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Three Things We Learned In Tennessee’s 29-26 Loss To Kentucky

Stephen Johnson’s 11-yard rushing touchdown with 33 seconds left clinched Kentucky’s second win over Tennessee since 1984, dropping the Vols to 0-5 in SEC play and 3-5 overall. Here’s what we learned from the orange and white’s fourth consecutive loss.

Tennessee’s offensive line is playing like a liability

The Vols’ offensive line was supposed to be the most experienced and talented group in the unit — maybe even on the team — by internal preseason accounts around the program.

What has transpired since then, though, has been nothing short of a pit-falling disaster. Drew Richmond’s struggling season got worse on Saturday night, as the redshirt sophomore left Guarantano’s blindside full of Kentucky defenders for most of the night. He wasn’t alone in his struggles, though.

The unit combined to allow seven sacks on Guarantano on the night. After top-ranked Alabama battered the redshirt freshman, the group was expected to bounce back against a Kentucky front that was No. 12 in the SEC in sacks and a lowly No. 84 in the FBS with just 12 sacks on the season.

Instead, Guarantano ran for his life and took hit after hit as Kentucky bottled up the Vols’ second-half offense. The group is facing some injuries, but again, it was expected to be the deepest group on the offense. Something’s not right.

Ty Chandler is a budding star

Chandler had shown some of his potential talent before tonight, but he announced his presence for years to come with an impressive fill-in performance for suspended John Kelly.

The freshman showed Vol fans a sample of his speed when he took the opening kickoff against Indiana State 91 yards for a touchdown, but the young back hasn’t been able to show much more of his potential. Until tonight, that is.

Chandler had a potential 80-yard touchdown run called back when Josh Smith was called for holding, but Chandler’s breakaway speed is more than evident in this clip.

Then, Chandler showed a bit of Kelly with his toughness, bouncing off of and running through defenders in space as he helped create room for the Vols’ running game. Butch Jones and Larry Scott even went to the freshman out of an under-center, goal-line formation twice, both resulting in short touchdowns.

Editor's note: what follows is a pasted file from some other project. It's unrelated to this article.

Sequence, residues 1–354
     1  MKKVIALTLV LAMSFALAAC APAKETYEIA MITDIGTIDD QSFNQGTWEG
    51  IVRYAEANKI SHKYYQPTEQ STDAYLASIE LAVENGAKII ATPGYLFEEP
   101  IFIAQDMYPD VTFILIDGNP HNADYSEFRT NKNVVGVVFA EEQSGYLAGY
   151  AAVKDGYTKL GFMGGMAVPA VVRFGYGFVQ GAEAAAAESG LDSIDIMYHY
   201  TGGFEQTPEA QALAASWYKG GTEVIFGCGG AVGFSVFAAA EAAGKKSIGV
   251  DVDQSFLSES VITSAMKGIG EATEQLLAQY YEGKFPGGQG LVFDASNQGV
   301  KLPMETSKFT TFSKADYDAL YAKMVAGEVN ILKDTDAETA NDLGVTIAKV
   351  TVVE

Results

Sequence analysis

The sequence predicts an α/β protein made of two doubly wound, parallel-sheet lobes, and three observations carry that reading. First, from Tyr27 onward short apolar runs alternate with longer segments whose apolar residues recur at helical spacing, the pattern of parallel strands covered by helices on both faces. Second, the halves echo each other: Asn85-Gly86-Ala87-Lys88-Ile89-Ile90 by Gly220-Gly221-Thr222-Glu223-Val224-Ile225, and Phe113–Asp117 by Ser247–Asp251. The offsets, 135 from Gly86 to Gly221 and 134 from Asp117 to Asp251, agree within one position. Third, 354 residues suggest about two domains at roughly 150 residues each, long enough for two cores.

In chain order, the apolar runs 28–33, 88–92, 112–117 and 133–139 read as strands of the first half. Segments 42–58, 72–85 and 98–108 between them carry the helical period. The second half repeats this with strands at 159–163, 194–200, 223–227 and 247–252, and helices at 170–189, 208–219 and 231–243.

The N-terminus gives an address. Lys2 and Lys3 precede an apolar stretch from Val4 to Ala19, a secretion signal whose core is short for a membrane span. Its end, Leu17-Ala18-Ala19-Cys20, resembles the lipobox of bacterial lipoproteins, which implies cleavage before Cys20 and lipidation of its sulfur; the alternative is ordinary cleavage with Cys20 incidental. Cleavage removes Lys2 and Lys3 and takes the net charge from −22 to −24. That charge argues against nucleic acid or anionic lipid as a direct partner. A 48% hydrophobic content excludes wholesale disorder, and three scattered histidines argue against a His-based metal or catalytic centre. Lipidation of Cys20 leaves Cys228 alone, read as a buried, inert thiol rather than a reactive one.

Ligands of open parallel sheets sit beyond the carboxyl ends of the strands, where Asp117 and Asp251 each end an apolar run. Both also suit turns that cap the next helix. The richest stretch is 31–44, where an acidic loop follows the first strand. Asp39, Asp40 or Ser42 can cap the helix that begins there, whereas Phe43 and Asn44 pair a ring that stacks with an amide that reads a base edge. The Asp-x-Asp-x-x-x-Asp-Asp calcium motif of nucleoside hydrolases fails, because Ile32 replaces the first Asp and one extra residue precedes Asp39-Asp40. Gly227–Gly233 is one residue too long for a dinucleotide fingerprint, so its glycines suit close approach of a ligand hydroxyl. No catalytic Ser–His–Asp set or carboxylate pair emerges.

Tennessee elected to run wide for a majority of the first half, and the youngster thrived. Chandler showed his improving vision to find running lanes and the quickness to hit them while they were open, and he provided most of the positive work from the offense throughout the night.

Tennessee was beaten by in-game adjustments again

The Vols’ loss in Lexington seemed all too familiar to those who also watched South Carolina’s 15-9 victory in Neyland Stadium two weeks ago.

In that one, Tennessee started strong, moving the ball down the field relatively quickly. The Vols couldn’t reach the end zone, though, and when Will Muschamp’s squad took away early options that moved the orange and white down the field, the offense never got going again.

Similar circumstances arose in Lexington in the second half. Tennessee had consistent success running wide in the first half, getting both the aforementioned Chandler free and giving Carlin Fils-aime running room. In the second half, the Wildcats adjusted to the Vols’ run gaps, shutting down those options.

Tennessee’s defense adjusted against Kentucky, too, and held the Wildcats to just 87 total second-half yards — that is, until the go-ahead scoring drive, a 72-yard march that came mostly on the ground.

It took just one drive to give the Wildcats the win because Tennessee’s offense couldn’t move far enough to even get into comfortable field goal range. The Vols’ passing game was improved, but still lacked a downfield threat, and Kentucky punished Tennessee accordingly by defensively bending and not breaking en route to a win.

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